Cool core remnants in galaxy clusters*
Istituto di Astrofisica Spaziale e Fisica Cosmica, INAF, via Bassini 15, 20133 Milano, Italy e-mail: firstname.lastname@example.org
Accepted: 20 October 2009
Context. X ray clusters are conventionally divided into two classes: “cool core” (CC) and “non-cool core” (NCC) objects, on the basis of the observational properties of their central regions. Recent results have shown that the cluster population is bimodal.
Aims. We want to understand whether the observed distribution of clusters is due to a primordial division into two distinct classes or rather to differences in the way these systems evolve across cosmic time.
Methods. We systematically search the ICM of NCC clusters in a subsample of the B55 flux limited sample of clusters for regions which have some characteristics typical of cool cores, namely low entropy gas and high metal abundance.
Results. We find that most NCC clusters in our sample host regions reminiscent of CC, i.e. characterized by relative low entropy gas (albeit not as low as in CC systems) and a metal abundance excess. We have dubbed these structures “cool core remnants”, since we interpret them as the remains of a cool core after a heating event (AGN giant outbursts in a few cases and more commonly mergers). We infer that most NCC clusters have undergone a cool core phase during their life. The fact that most cool core remnants are found in dynamically active objects provides strong support to scenarios where cluster core properties are not fixed “ab initio” but evolve across cosmic time.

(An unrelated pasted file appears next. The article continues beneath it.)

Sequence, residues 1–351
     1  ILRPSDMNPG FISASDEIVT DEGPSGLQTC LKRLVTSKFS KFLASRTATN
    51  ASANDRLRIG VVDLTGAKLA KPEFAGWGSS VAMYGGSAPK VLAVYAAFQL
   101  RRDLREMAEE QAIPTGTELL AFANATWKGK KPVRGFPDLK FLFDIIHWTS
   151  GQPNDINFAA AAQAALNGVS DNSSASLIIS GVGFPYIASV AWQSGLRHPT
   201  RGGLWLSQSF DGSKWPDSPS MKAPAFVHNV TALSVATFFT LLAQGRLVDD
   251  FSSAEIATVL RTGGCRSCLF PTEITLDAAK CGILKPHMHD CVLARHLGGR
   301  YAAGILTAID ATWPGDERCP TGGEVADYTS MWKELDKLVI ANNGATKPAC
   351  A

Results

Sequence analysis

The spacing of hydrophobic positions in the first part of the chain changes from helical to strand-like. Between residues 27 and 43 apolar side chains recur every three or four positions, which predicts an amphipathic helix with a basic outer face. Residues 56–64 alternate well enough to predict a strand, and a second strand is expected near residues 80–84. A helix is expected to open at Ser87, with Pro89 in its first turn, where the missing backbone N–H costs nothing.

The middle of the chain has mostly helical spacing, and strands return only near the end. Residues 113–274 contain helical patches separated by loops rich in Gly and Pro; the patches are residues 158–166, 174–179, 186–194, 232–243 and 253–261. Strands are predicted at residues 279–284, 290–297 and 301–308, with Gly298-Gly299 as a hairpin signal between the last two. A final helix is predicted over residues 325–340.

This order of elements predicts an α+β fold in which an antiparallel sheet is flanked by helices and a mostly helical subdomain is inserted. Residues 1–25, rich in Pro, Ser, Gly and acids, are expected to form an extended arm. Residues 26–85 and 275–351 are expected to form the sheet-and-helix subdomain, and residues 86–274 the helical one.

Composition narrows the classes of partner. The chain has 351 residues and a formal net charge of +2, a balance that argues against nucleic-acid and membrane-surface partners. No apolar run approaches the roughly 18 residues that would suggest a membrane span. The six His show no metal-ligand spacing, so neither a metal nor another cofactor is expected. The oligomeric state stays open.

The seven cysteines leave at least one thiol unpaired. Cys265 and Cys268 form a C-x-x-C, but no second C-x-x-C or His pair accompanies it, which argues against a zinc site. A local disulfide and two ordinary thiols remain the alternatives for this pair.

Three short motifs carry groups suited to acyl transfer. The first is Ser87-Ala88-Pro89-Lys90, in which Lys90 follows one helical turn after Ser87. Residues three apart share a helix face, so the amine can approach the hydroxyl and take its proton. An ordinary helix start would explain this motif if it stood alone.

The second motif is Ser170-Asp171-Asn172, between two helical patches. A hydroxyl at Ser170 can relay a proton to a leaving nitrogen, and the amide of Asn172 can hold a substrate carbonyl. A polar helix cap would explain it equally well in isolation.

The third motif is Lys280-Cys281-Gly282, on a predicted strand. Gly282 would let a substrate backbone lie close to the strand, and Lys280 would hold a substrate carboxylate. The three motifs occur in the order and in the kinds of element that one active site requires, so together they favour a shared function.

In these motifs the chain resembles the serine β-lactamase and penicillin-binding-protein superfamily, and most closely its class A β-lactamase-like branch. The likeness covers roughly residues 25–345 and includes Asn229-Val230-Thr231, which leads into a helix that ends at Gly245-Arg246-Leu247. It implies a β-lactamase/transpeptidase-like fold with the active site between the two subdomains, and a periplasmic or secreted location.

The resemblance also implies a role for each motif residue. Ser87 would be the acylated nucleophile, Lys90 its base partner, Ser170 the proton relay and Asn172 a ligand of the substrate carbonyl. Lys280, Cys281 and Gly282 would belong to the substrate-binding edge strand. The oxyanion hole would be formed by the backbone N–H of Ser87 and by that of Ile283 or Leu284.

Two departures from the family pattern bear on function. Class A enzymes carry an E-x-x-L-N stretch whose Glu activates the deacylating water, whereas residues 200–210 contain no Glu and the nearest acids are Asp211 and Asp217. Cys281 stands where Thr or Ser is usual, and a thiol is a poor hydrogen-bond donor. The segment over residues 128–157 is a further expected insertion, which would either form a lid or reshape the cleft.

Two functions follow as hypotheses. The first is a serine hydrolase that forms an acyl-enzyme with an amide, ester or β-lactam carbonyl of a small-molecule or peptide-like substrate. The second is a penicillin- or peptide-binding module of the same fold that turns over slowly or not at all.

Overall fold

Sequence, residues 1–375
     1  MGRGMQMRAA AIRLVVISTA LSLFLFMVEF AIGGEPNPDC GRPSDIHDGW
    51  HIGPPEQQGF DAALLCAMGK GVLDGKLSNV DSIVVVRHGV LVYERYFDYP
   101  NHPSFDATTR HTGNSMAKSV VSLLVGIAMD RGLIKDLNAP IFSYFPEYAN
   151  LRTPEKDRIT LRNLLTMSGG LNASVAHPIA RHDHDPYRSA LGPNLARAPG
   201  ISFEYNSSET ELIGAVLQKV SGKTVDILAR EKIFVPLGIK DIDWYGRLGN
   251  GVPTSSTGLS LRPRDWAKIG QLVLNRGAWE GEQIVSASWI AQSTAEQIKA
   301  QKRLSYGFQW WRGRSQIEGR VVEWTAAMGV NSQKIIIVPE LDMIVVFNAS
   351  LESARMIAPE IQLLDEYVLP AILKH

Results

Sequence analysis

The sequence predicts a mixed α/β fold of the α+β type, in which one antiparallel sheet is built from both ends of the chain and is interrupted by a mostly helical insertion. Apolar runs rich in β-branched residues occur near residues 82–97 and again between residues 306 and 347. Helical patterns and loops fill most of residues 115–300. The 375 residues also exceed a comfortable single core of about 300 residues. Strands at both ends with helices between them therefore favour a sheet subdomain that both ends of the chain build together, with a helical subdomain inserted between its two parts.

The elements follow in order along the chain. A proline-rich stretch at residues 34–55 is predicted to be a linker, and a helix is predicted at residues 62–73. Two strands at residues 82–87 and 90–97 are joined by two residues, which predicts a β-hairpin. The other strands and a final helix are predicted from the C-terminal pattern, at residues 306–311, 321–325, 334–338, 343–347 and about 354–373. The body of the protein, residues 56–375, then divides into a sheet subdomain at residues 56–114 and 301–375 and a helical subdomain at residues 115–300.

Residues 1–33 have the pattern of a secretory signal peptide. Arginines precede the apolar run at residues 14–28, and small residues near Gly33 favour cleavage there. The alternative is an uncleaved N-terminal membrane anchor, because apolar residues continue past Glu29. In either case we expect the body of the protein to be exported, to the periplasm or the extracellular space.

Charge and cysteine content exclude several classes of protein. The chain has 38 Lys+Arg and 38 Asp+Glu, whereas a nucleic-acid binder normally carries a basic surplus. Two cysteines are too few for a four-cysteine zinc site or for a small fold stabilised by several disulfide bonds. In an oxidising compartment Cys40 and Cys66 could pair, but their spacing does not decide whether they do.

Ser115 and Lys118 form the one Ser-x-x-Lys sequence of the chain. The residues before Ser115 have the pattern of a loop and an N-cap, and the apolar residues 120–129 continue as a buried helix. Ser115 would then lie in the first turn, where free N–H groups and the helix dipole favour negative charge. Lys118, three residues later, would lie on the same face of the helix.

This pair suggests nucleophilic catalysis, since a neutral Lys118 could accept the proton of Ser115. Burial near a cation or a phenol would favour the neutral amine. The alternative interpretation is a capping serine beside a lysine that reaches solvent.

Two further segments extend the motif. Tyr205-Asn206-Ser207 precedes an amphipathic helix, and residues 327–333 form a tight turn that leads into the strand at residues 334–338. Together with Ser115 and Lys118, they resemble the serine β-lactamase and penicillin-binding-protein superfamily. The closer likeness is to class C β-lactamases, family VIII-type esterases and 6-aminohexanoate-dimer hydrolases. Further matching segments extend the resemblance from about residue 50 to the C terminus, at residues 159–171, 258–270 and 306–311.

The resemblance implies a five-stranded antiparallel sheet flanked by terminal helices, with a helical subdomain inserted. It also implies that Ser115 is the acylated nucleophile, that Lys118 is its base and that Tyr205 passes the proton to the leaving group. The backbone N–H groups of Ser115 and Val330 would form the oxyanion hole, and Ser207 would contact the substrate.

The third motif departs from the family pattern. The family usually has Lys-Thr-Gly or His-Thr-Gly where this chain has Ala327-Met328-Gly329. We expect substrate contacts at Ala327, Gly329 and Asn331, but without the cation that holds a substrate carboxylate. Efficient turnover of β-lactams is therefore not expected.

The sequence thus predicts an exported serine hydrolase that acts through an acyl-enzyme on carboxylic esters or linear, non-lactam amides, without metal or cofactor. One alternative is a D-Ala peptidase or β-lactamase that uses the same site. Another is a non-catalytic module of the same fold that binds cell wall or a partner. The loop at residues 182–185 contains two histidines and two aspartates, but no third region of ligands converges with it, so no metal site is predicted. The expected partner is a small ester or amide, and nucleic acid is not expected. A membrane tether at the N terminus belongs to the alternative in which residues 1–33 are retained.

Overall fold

Key words: galaxies: clusters: general / X-rays: galaxies: clusters
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© ESO, 2010